Information about cluster headache

Cluster headache is characterised by attacks of severe, unilateral pain. There are approximately 17.000 cluster headache patients in the Netherlands (0.1% of the total population). It affects men more often than women. 

Cluster headache is a very rare disorder, which sometimes causes years of delay in diagnosing a patient. Patients are often misdiagnosed with migraine. This will lead to a non-effective treatment. Correct treatment can  prevent the occurrence of cluster headache attacks or effectively abort an attack. It is therefore very important to recognize this disorder already early in the disease course.

Below you will find a short summary of the symptoms and treatment of cluster headache. 


Symptoms of cluster headache

Cluster headache attacks can vary in clinical presentation. Typically:

  • Attacks occur every other day up to 8 times per day
  • Attacks last between 15 minutes and 3 hours
  • There is severe, unilateral peri-orbital or temporal pain 
  • Attacks are accompanied by one or more of the following symptoms:
    • Red, tearing eye or swollen eye-lid, ipsilateral to the pain
    • Congestion or running nose, ipsilateral to the pain
    • Sweating of forehead/face, ipsilateral to the pain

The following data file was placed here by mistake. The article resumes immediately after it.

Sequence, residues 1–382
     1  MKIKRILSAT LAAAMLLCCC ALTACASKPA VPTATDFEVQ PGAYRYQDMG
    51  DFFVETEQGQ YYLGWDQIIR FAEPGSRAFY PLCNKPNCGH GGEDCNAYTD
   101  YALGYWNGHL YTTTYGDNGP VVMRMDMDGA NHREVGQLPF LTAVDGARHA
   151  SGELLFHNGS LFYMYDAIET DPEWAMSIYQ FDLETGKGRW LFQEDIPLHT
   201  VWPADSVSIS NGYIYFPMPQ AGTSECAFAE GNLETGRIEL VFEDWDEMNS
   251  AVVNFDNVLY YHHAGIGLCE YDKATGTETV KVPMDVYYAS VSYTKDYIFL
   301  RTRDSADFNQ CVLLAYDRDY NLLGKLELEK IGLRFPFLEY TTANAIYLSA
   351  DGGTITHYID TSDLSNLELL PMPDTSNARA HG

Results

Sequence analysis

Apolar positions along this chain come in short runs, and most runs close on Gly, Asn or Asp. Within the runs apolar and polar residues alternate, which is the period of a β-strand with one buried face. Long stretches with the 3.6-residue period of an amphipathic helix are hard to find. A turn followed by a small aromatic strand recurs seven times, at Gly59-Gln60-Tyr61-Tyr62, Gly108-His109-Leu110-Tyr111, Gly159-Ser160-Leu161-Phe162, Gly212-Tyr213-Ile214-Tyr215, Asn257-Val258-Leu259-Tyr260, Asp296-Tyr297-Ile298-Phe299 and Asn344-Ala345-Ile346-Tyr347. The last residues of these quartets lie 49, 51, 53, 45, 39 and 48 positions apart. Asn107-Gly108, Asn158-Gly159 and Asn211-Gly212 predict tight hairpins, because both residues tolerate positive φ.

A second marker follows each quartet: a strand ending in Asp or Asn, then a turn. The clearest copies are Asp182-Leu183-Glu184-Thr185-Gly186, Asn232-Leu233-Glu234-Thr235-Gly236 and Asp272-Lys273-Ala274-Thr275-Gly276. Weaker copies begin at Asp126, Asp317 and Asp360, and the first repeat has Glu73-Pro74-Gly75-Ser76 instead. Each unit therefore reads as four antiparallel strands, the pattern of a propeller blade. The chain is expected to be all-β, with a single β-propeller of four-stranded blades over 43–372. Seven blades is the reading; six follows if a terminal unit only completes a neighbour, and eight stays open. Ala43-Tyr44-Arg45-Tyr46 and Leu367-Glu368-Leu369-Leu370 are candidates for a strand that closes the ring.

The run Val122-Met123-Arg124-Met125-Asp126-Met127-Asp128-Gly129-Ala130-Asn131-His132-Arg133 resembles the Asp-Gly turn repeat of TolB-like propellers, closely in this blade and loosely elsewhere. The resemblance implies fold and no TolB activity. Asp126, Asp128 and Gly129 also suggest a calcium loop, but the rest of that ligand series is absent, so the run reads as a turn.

• Restlessness/agitation


Clusters

Cluster headache attacks usually occur in clusters (episodes). Patients experience episodes with frequent attacks lasting weeks to months; with remission periods in between. These episodes often occur during a certain season (e.g. every spring or fall). Approximately 15% of the patients suffer from chronic cluster headache. These patients have attacks every month, week or even day, without remission periods. 


The absence of the characteristic episodes of attacks with remission periods complicates the diagnosis of chronic cluster headache even more so compared to episodic cluster headache. 


Treatment of cluster headache

Treatment of cluster headache consists of both prophylactic (to prevent the occurrence of attacks) and acute treatment (to abort the attack). Options for prophylactic treatment are verapamil and lithium. Options for acute treatment are subcutaneous sumatriptran injections or inhalation of pure oxygen.